Sheldon Dibble

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Sheldon Dibble
Sheldon Dibble.jpg
Portrait painted 1838
Born(1809-01-26)January 26, 1809
DiedJanuary 22, 1845(1845-01-22) (aged 35)
  • Maria Tomlinson
  • Antoinette Tomlinson

Sheldon Dibble (January 26, 1809 – January 22, 1845) was a missionary to Hawaii who organized one of the first books on Hawaiian history, and inspired students to write more.

Early life[edit]

Dibble was born in Skaneateles, New York on January 26, 1809. He graduated from Hamilton College in 1827, and the Auburn Theological Seminary in October 1830, where he married Maria M. Tomlinson (1808–1837). They arrived in the fourth company from the American Board of Commissioners for Foreign Missions in 1831 on the ship New England from New Bedford. He was one of the youngest missionaries, only 22 years old when he arrived.[1] They had a son who died young and a daughter Mary, who died at 18 months in 1831, and is buried in Lahainaluna alongside her parents.[2]

After the death of his first wife, he married a cousin of his first wife, Antoinette Tomlinson (1809–1897), in 1839.[3] They had a son Seymour and a daughter Clara. Antoinette and the children moved back to the United States in 1848.[2]


Sheldon Dibble House at Lahainaluna, 1837

He was first stationed at the Hilo mission, but transferred to Maui island in 1836. He became a teacher at Lahainaluna School, the mission seminary founded by Lorrin Andrews at the time. He thought it strange that students were learning history of other nations, but had no books describing their own history. Starting in 1836 he organized a group of students collecting notes from the chiefs and elders of the community, guided by a questionnaire.[4] One of the older students, David Malo, had served as court genealogist during the time of Kamehameha I so took the lead.[5]

In November 1837 (after the death of his first wife) he left and returned to the Auburn Seminary in New York in spring of 1838. In the winter of 1838-1839 he toured the southern United States and gave lectures on Hawaiian history, publishing a 250-page volume of notes.[6] By the fall of 1839 he sailed back to Hawaii, arriving again in the spring of 1840. At the general meeting of missionaries in May 1841 he was assigned the task of continuing to refine the book. Lorrin Andrews had a printing press delivered to the Lahainaluna school in 1833, and a number of students had been using it to print newspapers and short text books.[7] The first edition was published on April 28, 1843.[4] He helped establish a Royal Historical Society with Malo and Samuel Kamakau and others, and acted as the first secretary.

He translated books of the Old Testament of the Bible, and prepared text books on grammar and natural history in the Hawaiian language.[8] He died on January 22, 1845, just before his 36th birthday.[3] A second edition of his history was published in 1909 after the circulation of a letter from Dibble containing some corrections.[1][9] Although his life was cut short, his students, especially Malo[10] and Kamakau went on to be invaluable at preserving Hawaiian history.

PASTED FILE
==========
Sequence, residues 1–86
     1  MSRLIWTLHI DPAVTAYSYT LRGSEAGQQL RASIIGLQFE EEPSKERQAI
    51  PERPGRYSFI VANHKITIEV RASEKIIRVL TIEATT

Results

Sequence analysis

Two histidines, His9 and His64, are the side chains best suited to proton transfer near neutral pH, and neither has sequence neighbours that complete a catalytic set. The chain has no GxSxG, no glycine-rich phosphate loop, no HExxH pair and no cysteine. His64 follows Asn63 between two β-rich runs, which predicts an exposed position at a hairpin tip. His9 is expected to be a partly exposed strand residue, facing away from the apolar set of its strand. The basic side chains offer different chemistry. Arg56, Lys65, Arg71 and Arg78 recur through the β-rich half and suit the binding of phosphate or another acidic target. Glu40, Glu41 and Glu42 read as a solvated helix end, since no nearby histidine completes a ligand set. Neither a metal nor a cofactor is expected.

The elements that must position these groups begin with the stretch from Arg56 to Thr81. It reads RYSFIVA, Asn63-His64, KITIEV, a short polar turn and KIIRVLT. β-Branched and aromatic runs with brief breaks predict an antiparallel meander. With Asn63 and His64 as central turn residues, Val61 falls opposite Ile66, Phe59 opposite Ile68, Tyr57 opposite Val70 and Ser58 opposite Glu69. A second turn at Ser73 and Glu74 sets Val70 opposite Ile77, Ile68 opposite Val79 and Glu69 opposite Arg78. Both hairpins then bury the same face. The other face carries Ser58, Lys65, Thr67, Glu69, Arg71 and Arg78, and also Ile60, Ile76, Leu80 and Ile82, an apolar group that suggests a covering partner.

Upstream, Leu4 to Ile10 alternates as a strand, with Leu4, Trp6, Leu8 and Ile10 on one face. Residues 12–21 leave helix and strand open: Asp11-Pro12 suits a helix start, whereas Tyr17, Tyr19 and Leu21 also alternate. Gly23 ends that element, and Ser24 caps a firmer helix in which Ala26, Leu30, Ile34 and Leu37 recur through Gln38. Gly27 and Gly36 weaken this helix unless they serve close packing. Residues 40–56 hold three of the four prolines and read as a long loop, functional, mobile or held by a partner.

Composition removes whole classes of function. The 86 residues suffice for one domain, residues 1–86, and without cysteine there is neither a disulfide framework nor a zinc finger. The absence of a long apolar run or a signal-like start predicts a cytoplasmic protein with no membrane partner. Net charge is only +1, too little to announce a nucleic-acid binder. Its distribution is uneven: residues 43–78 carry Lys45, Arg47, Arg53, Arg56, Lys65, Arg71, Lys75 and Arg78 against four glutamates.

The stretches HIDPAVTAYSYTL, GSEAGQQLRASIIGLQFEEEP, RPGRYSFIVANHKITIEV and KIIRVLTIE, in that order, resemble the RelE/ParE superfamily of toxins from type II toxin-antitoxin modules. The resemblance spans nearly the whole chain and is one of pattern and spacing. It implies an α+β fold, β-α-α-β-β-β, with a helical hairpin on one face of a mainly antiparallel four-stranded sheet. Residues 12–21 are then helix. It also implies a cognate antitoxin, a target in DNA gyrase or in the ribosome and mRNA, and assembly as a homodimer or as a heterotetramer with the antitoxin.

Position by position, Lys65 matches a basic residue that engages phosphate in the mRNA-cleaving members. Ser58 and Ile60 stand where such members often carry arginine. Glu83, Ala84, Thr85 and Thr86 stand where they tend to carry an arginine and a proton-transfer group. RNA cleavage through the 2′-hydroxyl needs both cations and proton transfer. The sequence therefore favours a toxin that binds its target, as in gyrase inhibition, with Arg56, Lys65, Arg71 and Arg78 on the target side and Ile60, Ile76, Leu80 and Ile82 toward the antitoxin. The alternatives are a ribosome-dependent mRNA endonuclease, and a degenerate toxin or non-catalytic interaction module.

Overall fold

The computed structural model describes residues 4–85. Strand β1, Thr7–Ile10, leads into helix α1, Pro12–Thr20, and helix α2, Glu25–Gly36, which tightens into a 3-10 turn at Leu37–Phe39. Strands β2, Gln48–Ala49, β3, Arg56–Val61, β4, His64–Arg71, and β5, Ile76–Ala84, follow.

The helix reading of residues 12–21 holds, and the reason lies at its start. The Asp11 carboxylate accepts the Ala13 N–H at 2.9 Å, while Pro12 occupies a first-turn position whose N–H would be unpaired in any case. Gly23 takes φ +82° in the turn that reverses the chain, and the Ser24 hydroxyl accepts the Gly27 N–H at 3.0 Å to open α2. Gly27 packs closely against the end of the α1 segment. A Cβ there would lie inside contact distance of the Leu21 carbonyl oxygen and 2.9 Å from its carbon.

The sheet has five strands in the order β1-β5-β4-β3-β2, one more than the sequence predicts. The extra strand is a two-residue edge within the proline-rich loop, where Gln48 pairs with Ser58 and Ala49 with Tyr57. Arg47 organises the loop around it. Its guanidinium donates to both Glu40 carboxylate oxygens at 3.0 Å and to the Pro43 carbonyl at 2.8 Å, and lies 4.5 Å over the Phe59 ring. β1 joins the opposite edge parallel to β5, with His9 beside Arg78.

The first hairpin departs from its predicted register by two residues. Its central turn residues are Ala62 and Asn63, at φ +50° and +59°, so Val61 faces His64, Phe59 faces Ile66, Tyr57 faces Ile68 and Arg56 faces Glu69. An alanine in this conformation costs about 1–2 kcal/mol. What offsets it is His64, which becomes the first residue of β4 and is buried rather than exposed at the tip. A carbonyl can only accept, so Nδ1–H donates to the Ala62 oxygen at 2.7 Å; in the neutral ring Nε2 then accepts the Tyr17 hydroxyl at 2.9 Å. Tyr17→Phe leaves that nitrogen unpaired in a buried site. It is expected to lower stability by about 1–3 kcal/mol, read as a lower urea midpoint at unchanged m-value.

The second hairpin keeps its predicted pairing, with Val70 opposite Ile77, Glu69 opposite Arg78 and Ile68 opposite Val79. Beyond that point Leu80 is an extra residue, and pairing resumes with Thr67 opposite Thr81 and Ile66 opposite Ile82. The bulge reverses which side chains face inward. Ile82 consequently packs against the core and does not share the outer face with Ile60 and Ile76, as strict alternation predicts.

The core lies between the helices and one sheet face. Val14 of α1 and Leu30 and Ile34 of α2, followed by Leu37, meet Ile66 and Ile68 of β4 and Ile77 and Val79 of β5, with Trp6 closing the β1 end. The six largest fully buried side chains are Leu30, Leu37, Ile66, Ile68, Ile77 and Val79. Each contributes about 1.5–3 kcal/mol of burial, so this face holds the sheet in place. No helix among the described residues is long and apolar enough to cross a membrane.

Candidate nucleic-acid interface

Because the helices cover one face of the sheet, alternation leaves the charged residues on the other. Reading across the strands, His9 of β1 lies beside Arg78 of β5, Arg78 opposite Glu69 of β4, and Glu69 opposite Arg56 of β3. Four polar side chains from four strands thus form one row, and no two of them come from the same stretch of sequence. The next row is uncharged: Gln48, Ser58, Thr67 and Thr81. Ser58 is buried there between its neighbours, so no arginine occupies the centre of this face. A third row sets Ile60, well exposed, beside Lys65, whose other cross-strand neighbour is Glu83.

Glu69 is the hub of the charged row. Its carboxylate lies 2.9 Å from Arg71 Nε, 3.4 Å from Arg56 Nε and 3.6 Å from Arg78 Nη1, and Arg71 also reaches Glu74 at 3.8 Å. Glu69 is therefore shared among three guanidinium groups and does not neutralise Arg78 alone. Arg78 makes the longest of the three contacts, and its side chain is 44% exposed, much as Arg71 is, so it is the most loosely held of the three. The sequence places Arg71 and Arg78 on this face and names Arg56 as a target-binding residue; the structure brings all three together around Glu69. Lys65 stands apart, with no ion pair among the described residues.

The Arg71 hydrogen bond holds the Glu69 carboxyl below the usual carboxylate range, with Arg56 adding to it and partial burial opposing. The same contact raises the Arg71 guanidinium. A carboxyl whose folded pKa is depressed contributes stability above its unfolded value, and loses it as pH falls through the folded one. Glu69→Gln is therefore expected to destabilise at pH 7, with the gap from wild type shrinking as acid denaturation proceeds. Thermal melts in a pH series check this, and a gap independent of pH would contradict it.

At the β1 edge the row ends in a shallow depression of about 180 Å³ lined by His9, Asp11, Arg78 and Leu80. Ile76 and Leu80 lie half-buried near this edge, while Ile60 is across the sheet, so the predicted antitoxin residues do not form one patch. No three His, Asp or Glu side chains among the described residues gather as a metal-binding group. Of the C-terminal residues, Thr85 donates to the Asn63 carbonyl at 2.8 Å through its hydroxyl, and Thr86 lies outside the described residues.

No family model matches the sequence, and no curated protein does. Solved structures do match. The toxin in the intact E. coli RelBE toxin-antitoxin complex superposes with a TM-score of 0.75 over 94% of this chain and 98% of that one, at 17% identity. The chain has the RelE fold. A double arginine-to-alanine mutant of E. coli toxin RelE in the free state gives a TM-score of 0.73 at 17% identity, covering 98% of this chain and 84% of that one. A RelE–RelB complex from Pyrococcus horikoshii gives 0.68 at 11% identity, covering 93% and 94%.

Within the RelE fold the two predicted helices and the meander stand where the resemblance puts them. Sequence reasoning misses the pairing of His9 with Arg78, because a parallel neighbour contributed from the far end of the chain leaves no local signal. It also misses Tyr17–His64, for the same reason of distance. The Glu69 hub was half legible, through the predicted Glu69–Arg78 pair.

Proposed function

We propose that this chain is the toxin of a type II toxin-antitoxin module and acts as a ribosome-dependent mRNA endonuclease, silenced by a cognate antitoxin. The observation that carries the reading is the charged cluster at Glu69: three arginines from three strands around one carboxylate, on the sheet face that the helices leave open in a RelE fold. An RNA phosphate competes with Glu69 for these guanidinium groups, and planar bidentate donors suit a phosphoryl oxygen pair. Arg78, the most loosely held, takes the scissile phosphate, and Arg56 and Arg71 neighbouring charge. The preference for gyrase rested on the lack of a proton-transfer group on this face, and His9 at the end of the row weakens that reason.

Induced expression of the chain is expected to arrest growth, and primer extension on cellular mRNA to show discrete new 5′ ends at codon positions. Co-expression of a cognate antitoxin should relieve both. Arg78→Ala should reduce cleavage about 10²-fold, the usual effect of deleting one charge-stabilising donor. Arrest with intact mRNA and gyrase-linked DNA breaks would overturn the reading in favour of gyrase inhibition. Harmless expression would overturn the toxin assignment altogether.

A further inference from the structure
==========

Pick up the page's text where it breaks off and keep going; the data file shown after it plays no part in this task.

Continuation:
See also[edit]


  1. ^ a b William Drake Westervelt (1908). Annual report of the Hawaiian Historical Society. Hawaii Historical Society. p. 17. hdl:10524/58.
  2. ^ a b Samuel Orcutt (1891). Henry Tomlinson, and his descendants in America: with a few additional branches of Tomlinsons, later from England. Press of Price, Lee and Adkins Co. p. 96.
  3. ^ a b James Grant Wilson, John Fiske, eds. (1888). Appleton's cyclopædia of American biography. 2. p. 169.CS1 maint: uses editors parameter (link)
  4. ^ a b Sheldon Dibble (1843). History of the Sandwich Islands. Lahainaluna: Press of the Mission Seminary.
  5. ^ David Malo, translated by Nathaniel Bright Emerson (1903). Hawaiian antiquities (Moolelo Hawaii). Hawaiian gazette co., ltd.
  6. ^ Sheldon Dibble (1839). History and general views of the Sandwich Islands' mission. New York: Taylor & Dodd.
  7. ^ Larry I. Miller (March 31, 1975). "Hale Pa'i nomination form". National Register of Historic Places. National Park Service. Retrieved 2009-07-18.
  8. ^ Hawaiian Mission Children's Society (1901). Portraits of American Protestant missionaries to Hawaii. Honolulu: Hawaiian gazette co. p. 30.
  9. ^ Sheldon Dibble (1909). History of the Sandwich Islands. Honolulu: Thomas George Thrum.
  10. ^ Sheldon Dibble and students of Lahainaluna (1838). Ka Mooolelo Hawaii: The History of Hawaii. University of Hawaiʻi Press, third in the Hawaiian Language Reprint Series, Ke Kupu Hou, 2005. ISBN 0-945048-15-7. Archived from the original on 2009-07-15. Italic or bold markup not allowed in: |publisher= (help)

External links[edit]